Upcoming in

Hazards of Spent Lead Ammunition to Wildlife and Humans

Presentation by John Weber, US Fish & Wildlife Service
Environmental Contaminants Specialist John Weber will share the science behind new regulations limiting the use of lead based ammunition and the history of lead’s effects on wildlife.

This photo shows a Remington Core-Lokt lead-core rifle bullet that has been discharged and retrieved. Notice the numerous lead fragments that resulted from the bullet expanding and that the bullet only retained 70% of the original mass. (http://www.nps.gov/pinn/naturescience/leadinfo.htm)

Time and Place

Tuesday, October 14, 2014
7:00 pm

Les Bourgeois Vineyards Bistro
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Presentation by John Weber, Environmental Contaminants Specialist, U.S. Fish & Wildlife Service

Tuesday, October 14, 2014

7 p.m. presentation
lower floor of the Les Bourgeois Vineyards Bistro in Rocheport, MO (directions below)
If you intend on coming early to purchase an amazing dinner at Les Bourgeois Bistro before the presentation, PLEASE call to make a reservation at: 573-698-2300

Presentation is FREE and open to the public!


This rescued swan was contaminated by lead bullet fragments. Clinical signs of Pb poisoning in wild birds include weight loss, stained feces, wing droop, weakness, and seeking cover (Photo Credit USGS)

Last year, Roger Giles – who spends a lot of his time on the Missouri River – rescued a struggling bald eagle right out of the river on the banks of Eagle Bluffs Conservation Area. The bird was first suspected of suffering from lead poisoning. Testing showed that was not the case, but the event did reveal to many of us the fact that lead poisoning is a very common cause of sick and injured eagles. Raptor Rehabilitation Project officer Christa Moore said at the time, “They get it through the food they eat, lead shot,” she said. “They will pick up a lot of lead in their system which is toxic to them in high quantities.” Here’s the article (with great video on Roger’s boat) from KOMU-TV.

Recent research is revealing surprising levels of contamination in people and wildlife, especially birds, due to exposure or ingestion of lead shot or bullet fragments used in hunting and lead sinkers used for fishing. But there are alternatives out there that work and new regulations are working to reduce lead contamination from recreational activities.

John Weber, a environmental contaminants specialist with the U.S. Fish & Wildlife Service Columbia Ecological Services lab, will describe the fate of lead (Pb) based ammunition in the environment and its potentially toxic impacts to wildlife and humans following ingestion. John will address the scope and history of the problem as well as progress that has been made limiting Pb in the environment.  Additionally, John will discuss effective alternatives to Pb-containing ammunition readily available in the local marketplace.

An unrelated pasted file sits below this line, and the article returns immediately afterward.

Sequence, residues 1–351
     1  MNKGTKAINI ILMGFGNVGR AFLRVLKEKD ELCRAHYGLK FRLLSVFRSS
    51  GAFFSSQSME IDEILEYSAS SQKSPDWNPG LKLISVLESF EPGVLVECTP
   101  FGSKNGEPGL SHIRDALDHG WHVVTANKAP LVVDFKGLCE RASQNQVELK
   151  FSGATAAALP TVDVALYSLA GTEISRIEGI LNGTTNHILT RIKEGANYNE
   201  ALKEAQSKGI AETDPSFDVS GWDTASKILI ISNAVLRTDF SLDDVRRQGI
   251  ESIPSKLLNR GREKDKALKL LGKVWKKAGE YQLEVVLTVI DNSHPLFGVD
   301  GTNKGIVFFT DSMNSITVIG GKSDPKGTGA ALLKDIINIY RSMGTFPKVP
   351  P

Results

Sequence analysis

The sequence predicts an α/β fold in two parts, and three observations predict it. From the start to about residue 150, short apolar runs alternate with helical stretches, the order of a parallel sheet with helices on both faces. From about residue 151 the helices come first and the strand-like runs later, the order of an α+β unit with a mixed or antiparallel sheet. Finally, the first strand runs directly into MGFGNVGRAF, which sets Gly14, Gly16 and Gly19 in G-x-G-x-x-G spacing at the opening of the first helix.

John Weber was born and raised in Cole County, MO near the Moreau River.  After attending college at Furman University in Greenville, SC, John spent a year volunteering for Habitat for Humanity in the mountains of North Carolina and then took a job as the stewardship coordinator for the Columbia Land Trust in Portland, OR.  Following the birth of his first daughter, John accepted a position with the Missouri Department of Natural Resources in Jefferson City, Missouri as a Superfund state project manager focusing on the impacts of mining related contamination on the environment.  In 2007, he moved to the U.S. Fish and Wildlife Service as an environmental contaminants specialist where he continues to research the impacts of heavy metals on the natural resources of the United States. John enjoys hiking, camping, deer hunting, and amateur forestry and has a M.S. degree from the University of Missouri in Environmental Science.


  • 14020 W. Hwy BB, Rocheport, MO
  • Take I-70 to the Rocheport, MO, exit (Exit #115). It’s the first exit east of the Missouri River.
  • Head north toward Rocheport.
  • After about a mile, turn left at the sign for Les Bourgeois Bistro. Follow the signs to the Bistro. You will probably need to park in the lot above the Bistro and walk the trail down.
  • The presentations are held in upstairs in the restaurant. The restaurant is no longer open on Tuesdays but the bar is! You are welcome to bring your own food or snacks.

Resources and Links

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The Big Muddy Speaker Series in Rocheport

is hosted by these wonderful partners.

Special thanks to Les Bourgeois Vineyards for giving us the opportunity to use their beautiful space overlooking the Missouri River. All speakers are presenting for free! Thank you all for sharing your knowledge with us! Click here for a list of upcoming presentations» The Big Muddy Speaker Series also takes place monthly in Kansas City and St. Charles.

The Big Muddy Speaker Series is partially funded by the Columbia Ecological Services Field Office (USFWS) and the Mo. Dept. of Conservation.